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The journey of siddhartha as told by herman hesse

Siddhartha

Culture 'Siddhartha' - A Journey to the East? Hermann Hesse, one of the great German authors and poets of the 20th century is widely researched today in Asia.

  • The beauty of this book lies in the simplicity of the language;
  • Vasudeva leaves the river and leaves Siddhartha with the sole job of ferrying people across it;
  • Morris, translator's preface 1998.

Little wonder that the ongoing celebrations for his 125th birth anniversary were kicked off in India. A must-read while growing up?

  • Hopefully it is something very, very positive;
  • He is a man who refuses to learn from others no matter how learned or holy someone may be;
  • The book details the story of Siddhartha, the young and brilliant son of a Brahmin in ancient India;
  • He seeks the true nature of the self.

Last November as Germany's Herman Hesse Year kicked off, a group of 40 Germans from the author's hometown of Calw made their way to the tiny village of Talasseri in Kerala on the picturesque Malabar coast of India. The trip was a fitting one, considering the land of 1 billion had long fascinated Hesse and provided the setting for Siddhartha, one of his most famous books.

But the trip was telling for another reason. In contrast to Germany, where the Nobel prize winner's work has been criticized as "poetically sentimental" and "anachronistic", Hesse's books are a virtual hit in India and the rest of Asia.

Siddhartha: A journey of self-discovery

Siddhartha was even filmed in 1972 in India featuring Indian actors. Fascination with India A major reason for Hesse's popularity is the overpowering legacy left him by his grandfather Hermann Gundert 1814-1893who spent 23 years in southern India as a linguist and missionary Dr. Hesse himself admitted in his autobiographies that he admired, feared and revered his grandfather who spoke more than 30 languages, had studied eastern religions and mythology and lived and mingled with people of other races, beliefs and customs.

Frenz, who was part of the delegation that kicked off the Hesse festival last year in southern India says that the amount of research devoted to Hermann Hesse and the number of German literature students in India seeking to do a doctoral thesis on Hesse is startling in contrast to the author's homeland.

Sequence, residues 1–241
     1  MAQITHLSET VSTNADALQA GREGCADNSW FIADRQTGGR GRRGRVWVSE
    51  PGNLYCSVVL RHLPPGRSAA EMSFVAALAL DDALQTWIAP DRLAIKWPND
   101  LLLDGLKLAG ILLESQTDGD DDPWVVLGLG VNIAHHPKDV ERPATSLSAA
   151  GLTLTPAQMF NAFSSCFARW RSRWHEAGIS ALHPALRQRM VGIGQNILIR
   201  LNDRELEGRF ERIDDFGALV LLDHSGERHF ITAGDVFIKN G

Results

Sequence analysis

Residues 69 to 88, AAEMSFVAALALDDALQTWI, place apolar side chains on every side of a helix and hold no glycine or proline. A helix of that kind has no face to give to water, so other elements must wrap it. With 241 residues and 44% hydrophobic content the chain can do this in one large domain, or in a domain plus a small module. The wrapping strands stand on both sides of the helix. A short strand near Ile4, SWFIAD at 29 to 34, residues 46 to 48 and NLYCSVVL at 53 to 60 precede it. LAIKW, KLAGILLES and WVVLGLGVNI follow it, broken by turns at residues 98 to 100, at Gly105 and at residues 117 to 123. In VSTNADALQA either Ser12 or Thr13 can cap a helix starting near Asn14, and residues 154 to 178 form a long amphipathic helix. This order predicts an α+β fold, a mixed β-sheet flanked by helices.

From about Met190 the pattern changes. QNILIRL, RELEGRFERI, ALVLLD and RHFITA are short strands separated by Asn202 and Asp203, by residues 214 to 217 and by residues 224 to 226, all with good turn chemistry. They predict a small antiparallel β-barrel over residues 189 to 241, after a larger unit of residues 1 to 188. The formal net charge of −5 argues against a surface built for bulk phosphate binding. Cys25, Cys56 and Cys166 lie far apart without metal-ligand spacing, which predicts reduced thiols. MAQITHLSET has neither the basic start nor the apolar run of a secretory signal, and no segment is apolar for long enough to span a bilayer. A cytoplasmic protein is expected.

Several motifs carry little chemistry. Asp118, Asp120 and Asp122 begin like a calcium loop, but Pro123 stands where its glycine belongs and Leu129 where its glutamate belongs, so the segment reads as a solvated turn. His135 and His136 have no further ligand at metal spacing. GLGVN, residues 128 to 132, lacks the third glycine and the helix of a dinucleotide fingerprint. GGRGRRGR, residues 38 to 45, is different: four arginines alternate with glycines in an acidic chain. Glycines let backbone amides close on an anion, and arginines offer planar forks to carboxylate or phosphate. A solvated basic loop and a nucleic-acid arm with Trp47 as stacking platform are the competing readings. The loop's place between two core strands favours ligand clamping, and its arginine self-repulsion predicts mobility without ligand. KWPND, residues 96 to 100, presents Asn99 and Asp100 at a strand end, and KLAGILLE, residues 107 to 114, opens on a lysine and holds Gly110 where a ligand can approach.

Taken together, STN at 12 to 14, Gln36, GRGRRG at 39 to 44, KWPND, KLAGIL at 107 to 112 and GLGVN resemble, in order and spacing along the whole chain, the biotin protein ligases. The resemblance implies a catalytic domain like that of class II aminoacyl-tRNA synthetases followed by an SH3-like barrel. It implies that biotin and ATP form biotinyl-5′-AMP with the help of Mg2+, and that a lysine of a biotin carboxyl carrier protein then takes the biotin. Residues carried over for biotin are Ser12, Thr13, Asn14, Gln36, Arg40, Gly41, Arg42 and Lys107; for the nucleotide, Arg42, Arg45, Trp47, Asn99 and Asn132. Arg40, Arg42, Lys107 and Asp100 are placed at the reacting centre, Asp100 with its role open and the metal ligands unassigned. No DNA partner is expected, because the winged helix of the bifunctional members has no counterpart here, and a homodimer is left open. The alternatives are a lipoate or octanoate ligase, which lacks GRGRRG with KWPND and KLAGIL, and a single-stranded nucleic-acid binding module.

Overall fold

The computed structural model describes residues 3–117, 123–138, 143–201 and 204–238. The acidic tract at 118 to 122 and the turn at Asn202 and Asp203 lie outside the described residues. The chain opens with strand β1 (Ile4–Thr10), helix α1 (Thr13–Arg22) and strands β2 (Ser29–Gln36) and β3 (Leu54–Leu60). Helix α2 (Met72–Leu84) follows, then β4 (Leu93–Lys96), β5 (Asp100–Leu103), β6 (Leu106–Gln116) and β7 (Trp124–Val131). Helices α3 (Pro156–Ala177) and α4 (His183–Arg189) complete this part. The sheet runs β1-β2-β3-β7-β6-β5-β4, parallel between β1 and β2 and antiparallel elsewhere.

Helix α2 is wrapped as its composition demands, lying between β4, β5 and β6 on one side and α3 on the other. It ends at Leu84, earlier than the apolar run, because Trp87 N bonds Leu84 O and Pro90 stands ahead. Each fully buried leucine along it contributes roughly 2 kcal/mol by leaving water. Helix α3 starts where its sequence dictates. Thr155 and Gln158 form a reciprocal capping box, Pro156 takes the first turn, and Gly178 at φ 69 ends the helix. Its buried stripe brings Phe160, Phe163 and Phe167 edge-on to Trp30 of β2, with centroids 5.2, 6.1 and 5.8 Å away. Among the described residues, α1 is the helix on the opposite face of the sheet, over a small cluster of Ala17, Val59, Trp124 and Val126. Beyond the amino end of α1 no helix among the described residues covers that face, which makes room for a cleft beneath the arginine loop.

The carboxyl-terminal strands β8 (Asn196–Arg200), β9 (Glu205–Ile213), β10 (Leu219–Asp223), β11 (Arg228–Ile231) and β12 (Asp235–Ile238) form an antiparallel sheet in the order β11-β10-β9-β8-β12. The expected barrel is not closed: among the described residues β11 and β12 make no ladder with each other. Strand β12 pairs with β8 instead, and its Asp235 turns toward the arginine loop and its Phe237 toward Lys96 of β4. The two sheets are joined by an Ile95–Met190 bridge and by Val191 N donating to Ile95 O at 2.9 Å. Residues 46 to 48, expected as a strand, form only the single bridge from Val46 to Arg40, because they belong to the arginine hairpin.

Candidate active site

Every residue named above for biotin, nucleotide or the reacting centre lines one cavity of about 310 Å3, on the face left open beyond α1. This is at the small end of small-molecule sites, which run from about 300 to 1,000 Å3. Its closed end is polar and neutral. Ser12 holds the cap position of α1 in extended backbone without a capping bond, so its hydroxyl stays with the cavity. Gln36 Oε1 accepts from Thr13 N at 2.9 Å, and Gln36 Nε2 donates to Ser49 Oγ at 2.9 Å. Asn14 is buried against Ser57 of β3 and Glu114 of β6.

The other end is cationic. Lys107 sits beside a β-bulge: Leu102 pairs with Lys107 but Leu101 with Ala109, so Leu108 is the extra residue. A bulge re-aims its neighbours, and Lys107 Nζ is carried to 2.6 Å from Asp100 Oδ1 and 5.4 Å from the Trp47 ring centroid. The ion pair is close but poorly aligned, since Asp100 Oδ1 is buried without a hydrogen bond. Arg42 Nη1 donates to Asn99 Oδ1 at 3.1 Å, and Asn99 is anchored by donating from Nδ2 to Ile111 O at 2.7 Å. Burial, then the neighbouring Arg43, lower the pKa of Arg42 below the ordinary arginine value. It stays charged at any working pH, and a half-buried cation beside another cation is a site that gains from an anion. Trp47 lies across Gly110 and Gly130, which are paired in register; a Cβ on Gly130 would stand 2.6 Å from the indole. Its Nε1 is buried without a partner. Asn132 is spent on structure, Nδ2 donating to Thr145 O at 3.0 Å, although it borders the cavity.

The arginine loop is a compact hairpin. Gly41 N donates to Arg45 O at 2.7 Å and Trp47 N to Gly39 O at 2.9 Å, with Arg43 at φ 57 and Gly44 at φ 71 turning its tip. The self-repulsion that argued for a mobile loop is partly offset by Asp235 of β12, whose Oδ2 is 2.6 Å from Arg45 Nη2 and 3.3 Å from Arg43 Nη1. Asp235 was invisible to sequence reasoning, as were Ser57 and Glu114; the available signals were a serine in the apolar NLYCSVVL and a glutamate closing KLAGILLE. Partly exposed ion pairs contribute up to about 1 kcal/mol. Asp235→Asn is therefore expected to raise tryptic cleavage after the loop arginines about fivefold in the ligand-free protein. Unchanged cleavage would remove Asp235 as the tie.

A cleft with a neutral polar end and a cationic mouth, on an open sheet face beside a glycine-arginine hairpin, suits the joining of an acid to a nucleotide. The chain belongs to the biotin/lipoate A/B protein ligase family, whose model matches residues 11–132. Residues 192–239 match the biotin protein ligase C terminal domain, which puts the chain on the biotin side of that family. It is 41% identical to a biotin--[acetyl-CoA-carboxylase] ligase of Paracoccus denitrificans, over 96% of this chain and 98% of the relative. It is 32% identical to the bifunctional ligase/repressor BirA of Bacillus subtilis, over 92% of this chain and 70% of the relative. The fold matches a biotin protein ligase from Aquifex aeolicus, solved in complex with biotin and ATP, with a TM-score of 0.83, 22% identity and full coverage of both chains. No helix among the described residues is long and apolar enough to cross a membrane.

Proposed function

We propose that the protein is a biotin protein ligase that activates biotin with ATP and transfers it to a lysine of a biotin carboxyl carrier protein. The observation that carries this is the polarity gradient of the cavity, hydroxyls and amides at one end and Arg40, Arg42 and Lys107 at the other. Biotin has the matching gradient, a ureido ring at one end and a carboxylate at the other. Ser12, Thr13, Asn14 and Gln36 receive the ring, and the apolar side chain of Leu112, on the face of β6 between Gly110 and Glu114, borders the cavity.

In India or not?

  1. The trip was a fitting one, considering the land of 1 billion had long fascinated Hesse and provided the setting for Siddhartha, one of his most famous books. Painfully hungry, Siddhartha looks for food.
  2. Vasudeva allows Siddhartha to live with him and work as his apprentice. In 1971, a surrealistic adaptation as a musical Western was released as Zachariah.
  3. Vasudeva finds her and brings her into the hut. Do words tend to enhance or limit wisdom?
  4. Why is seeing Siddhartha just as good for Kamala as seeing Gautama? Finally, back to an ascetic life, but one that embraces the world and everything in it as special and unique.
  5. Experiences in a Japanese Zen Monastery 1973 A well-known Dutch mystery writer describes with wry humor his serious attempts to learn and refine his spiritual practices under the direction of an enigmatic, cantankerous Zen master.

Most references to this time report on Hesse being disappointed and disillusioned by India. Siddharthathe journey of a young Brahman which was loosely based on the story of Buddha, was written after the author returned to Europe in 1919 and eventually published it in 1922.

Siddhartha Reader’s Guide

But others, like Dr. Frenz, believe Hesse never made it to India. It might help to explain why both Eastern and Western critics attacked the book as too simplistic and romantic. Hesse's treatment of the country and main character, they say, reflects his simple understanding of Indian and Buddhism religious traditions. The judgements have been meted out to Hesse's other works by German literary critics.

In the year of Hesse's death in 1962, the former culture editor at the respected weekly "Die Zeit", Rudolf Walter Leonhardt said, "Hesse's works can't really fascinate anybody anymore".

Timeless themes and perspectives The judgement seems at odds with works that have been translated into 60 languages, with over a 100 million copies sold world-wide. More than 75 million of those were sold outside of Germany. Which perhaps explains why Siddhartha, with its distinctly eastern flavour and character draws more readers in Calcutta India than Munich.